Friday, July 08, 2011

New Shipment of Diabetes Stuff

When I started getting Accu-Chek aviva test strips, they send me boxes that each had one canister of 50 strips. A few years ago, they switched to sending me boxes that each had two canisters of 50 strips each, the practical difference being that I got half as many code chips. In this shipment, they've gone back to boxes with one canister of fifty strips.
picture with a small, cubic, box of test strips, next to a box with twice the volume

I'm switching from mini pen needles, which are 5mm and 31G, to nano pen needles, which are 4mm and 32G.

picture of purple and white mini needles box and green and gray nano needles box, as seen from the top

As a math teacher, I was really struck and not at all happy to see the major mathematical error on the back of the Nano needles' box. It has a picture comparing a Nano needle to a short needle. The caption says "BD Ultra-Fine Nano is 50% shorter & 8% thinner!" and underneath, written on the pictures of the needles, it says 4mm² an 8mm² on the green one. But the dimension being described is length, not area. The difference is between 4mm and 8mm, not mm². This is a crucial difference.

A picture of the the ad described above

The opticlick Lantus pen cartridges have been discontinued, so the pharmacy called my doctor and asked for a prescription for a different form of Lantus. I expected to get vials, but to my surprise I got these Solostar disposable pens:

an open box showing five gray pens, and another showing three cartridges

Unfortunately, although I wanted syringes with half unit increment markings, I once again got the ones with whole units. The box with the half unit increment markings is from almost a year ago.

Two boxes advertising BD Insulin Syringes with the BD Ultra-Fine needle- one in white an purple that and one in gray an purple. The gray and purple also shows a display of marks with half units and whole unit measurements

Sunday, July 03, 2011

Ordering Insulins

I've been getting most of my diabetes prescriptions through Prime Mail pharmaceutics but I'm starting to rethink that. It's been a big hassle, dealing with them. They have sent me the wrong stuff or called because they couldn't figure out what I wanted or insisted that my doctor rewrite a prescription or called my parents instead of me and also they haven't changed my sex in their system, I don't know why, so every time they call they want to talk to "Ms. Jonah" and I tell them no can do but you can talk to me, "Mr. Jonah" and they get kind of flustered and ask for my date of birth but they must not be making a note of it because I have to listen to the same thing over and over.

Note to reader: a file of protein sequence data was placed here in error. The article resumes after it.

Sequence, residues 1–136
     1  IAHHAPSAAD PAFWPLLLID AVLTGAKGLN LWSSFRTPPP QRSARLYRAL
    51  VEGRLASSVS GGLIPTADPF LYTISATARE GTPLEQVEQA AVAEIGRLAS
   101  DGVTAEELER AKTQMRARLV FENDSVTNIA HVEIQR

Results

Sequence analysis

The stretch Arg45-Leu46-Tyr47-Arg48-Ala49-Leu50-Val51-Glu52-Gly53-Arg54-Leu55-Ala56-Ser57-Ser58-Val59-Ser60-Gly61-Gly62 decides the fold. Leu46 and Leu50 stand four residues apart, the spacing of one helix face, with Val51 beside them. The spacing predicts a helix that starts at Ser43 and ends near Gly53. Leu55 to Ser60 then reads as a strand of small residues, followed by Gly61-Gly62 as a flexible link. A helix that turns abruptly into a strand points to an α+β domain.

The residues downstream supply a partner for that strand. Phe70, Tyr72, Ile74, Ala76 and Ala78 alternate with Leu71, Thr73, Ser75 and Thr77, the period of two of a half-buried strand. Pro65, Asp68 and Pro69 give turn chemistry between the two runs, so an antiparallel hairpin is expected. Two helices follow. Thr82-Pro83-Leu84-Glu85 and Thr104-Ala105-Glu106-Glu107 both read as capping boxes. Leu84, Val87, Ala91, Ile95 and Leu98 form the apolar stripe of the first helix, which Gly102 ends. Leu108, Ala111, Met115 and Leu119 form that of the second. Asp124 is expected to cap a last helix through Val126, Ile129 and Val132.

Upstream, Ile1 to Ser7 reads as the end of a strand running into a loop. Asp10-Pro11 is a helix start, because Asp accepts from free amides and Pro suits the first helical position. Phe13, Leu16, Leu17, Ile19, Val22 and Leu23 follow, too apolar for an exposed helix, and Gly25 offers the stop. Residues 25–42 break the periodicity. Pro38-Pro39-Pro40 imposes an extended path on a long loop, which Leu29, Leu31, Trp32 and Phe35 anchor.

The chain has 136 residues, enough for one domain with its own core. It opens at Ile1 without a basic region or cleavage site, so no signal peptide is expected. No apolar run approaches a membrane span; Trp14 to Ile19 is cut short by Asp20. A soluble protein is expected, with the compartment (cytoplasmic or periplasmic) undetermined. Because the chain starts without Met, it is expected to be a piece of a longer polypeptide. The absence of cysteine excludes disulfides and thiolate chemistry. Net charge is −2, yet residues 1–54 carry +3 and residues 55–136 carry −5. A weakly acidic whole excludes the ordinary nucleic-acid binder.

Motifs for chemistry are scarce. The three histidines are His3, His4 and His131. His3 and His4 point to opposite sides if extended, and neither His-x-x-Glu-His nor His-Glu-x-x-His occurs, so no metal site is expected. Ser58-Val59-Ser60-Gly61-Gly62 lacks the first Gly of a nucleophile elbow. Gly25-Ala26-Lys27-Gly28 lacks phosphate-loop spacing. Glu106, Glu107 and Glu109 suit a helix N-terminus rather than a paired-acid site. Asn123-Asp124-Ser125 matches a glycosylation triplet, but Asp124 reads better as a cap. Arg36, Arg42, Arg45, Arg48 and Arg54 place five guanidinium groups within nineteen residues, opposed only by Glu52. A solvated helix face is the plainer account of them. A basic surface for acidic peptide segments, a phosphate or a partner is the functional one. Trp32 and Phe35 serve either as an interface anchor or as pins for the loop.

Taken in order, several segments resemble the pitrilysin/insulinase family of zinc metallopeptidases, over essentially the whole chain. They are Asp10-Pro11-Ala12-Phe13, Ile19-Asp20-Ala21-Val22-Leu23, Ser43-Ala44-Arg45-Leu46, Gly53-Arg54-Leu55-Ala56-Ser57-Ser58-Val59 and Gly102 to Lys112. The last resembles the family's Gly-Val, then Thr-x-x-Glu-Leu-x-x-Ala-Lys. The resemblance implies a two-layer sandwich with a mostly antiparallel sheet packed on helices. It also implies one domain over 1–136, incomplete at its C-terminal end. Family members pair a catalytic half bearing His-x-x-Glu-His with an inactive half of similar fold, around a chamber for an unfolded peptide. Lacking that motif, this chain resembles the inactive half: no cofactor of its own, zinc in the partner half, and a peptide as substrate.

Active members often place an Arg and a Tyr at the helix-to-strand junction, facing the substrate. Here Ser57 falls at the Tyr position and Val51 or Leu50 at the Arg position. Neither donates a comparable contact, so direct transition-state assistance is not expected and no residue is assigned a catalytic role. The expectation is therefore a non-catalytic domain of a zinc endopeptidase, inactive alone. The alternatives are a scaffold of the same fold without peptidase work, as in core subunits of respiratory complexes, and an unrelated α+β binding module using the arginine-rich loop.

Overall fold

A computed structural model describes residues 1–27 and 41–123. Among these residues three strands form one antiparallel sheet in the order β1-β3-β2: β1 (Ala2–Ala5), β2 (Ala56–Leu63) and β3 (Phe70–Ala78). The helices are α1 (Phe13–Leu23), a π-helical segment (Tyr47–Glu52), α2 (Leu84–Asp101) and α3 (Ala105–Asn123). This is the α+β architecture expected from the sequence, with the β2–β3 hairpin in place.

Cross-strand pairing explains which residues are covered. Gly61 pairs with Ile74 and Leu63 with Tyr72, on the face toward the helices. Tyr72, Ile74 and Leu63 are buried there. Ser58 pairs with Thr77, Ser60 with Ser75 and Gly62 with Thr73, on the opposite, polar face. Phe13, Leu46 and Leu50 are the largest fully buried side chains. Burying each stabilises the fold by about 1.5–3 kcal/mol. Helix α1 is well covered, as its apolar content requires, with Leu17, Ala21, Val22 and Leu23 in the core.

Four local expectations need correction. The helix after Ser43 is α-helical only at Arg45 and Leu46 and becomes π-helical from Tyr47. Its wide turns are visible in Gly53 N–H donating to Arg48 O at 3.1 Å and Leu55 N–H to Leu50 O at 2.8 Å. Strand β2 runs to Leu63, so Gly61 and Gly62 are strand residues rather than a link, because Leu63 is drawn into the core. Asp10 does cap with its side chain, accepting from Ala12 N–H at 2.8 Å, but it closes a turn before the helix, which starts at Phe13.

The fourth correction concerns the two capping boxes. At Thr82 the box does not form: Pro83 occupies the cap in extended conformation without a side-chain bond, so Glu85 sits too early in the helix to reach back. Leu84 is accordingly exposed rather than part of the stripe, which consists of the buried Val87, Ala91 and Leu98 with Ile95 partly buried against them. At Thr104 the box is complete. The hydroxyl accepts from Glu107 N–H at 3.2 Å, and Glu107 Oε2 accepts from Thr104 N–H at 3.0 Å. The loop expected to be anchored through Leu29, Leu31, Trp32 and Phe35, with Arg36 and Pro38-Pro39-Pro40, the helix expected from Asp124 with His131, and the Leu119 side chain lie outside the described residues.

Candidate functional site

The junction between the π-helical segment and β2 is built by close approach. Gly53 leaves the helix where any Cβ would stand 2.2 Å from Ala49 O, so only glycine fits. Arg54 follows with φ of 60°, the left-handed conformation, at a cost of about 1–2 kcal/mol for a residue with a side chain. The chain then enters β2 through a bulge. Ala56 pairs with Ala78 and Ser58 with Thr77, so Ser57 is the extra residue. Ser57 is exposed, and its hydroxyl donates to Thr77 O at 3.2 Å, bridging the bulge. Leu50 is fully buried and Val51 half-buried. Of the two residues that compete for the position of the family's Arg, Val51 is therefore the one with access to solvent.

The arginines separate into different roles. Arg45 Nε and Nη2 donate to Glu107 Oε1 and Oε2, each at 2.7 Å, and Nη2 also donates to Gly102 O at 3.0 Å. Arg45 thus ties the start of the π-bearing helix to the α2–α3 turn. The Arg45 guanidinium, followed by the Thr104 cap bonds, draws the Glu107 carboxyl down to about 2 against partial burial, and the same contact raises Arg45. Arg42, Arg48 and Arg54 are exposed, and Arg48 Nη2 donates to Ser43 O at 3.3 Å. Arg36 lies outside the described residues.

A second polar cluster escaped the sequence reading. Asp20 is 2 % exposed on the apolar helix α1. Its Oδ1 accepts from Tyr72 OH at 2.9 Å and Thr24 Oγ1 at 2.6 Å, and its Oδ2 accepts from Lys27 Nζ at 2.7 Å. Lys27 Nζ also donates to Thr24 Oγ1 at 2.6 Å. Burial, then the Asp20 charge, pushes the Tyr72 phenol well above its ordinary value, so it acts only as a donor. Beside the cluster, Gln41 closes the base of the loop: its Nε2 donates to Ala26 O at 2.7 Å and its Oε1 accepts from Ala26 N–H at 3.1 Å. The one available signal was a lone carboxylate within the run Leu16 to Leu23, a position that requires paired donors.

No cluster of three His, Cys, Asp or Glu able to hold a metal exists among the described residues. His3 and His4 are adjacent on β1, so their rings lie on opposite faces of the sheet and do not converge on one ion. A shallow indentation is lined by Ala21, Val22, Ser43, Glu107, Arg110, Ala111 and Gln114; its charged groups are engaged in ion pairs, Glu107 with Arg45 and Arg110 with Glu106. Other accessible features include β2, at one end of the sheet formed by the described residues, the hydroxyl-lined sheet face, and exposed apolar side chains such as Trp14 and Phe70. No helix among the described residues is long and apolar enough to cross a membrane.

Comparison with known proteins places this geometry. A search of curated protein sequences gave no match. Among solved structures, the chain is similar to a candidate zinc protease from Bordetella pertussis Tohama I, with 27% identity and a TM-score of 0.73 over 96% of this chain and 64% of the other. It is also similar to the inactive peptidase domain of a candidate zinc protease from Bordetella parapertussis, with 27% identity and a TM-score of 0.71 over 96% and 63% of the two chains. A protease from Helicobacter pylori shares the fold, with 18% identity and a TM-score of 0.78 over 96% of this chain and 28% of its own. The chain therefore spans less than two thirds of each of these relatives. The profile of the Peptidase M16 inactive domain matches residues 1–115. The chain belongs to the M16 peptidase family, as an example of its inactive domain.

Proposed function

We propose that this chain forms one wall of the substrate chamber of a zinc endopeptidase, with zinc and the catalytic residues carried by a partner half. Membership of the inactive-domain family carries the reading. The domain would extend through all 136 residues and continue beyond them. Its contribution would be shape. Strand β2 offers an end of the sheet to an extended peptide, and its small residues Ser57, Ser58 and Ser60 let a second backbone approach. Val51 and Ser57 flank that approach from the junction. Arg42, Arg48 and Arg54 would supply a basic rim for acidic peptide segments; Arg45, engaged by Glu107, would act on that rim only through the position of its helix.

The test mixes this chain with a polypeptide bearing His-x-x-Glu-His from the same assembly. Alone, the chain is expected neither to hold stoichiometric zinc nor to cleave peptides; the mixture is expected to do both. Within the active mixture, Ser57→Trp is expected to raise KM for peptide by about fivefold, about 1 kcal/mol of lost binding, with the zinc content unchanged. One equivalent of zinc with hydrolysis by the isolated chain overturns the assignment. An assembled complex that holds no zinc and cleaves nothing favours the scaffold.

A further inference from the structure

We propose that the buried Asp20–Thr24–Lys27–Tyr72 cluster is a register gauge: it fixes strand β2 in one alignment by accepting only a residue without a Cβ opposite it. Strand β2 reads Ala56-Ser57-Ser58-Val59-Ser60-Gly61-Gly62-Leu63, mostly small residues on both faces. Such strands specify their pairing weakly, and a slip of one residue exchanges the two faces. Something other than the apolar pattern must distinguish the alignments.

Anyways, on Friday they called a few times. First they called my parents' number but I wasn't there. Next they called my number. They wanted to know something about the credit card. It's my father's credit card, so I went over to my parents' and gave my phone to my mother to deal with that.
They called a little later in the morning to say that the Novolin R prescription (that's Regular, FYI) had been written as a one month prescription and therefore they couldn't fill it, so they wanted me to call my doctor and get a new prescription for a larger amount of Novolin R. I tried unsuccessfully to make the point that the one vial of Novolin R was in fact intended for a three month supply, and that you could tell this from how my doctor wrote the prescription (he wrote Novolin R, one vial, three to six units per day, refills: 2). As six units per day for three months is still less than a thousand units, and since the refills are generally meant to written so that the doctor won't have to rewrite the prescription for a year, I thought it was totally obvious that my doctor meant it to be a three month supply, but apparently not.

So then I hit upon the bright idea of taking the prescription to a local pharmacy. The reason I use prime mail is cost. So I asked them how much it would cost. The website had indicated 17 dollars; the woman on the phone said it would be 20 dollars if it was written as a one month supply, or 46 dollars if written as a two months supply. Keeping this in mind, I went to walgreen's. I had walgreens call Prime Mail and get my prescription. Within a couple of hours (I went out and came back) I had my vial of Novolin R. I paid $17.64 and insurance made up the remaining $51.34. Not too bad!

My parents have been getting a bunch of automated calls for me about my Lantus; apparently the opticlick cartridges are being discontinued, so they want me to take Lantus from vials, and they need a different prescription from the endo, but he hasn't gotten back to them yet so they want me to pester him.

Unfortunately my blood sugar was doing funky things already so it might not have been the best day to introduce the regular but I took three units of regular (combined in a syringe with nine units of Novolog) at supper time. I also dropped that night's lantus dose. I woke up in the morning with a nice blood sugar (88 mg/dl) but the night looks to have been bumpy. I took three units of regular again with my supper a few hours ago. I'm not sure what my bg is doing right now- it looks like it's jerking up and down by itself but maybe it's just my sensor dying.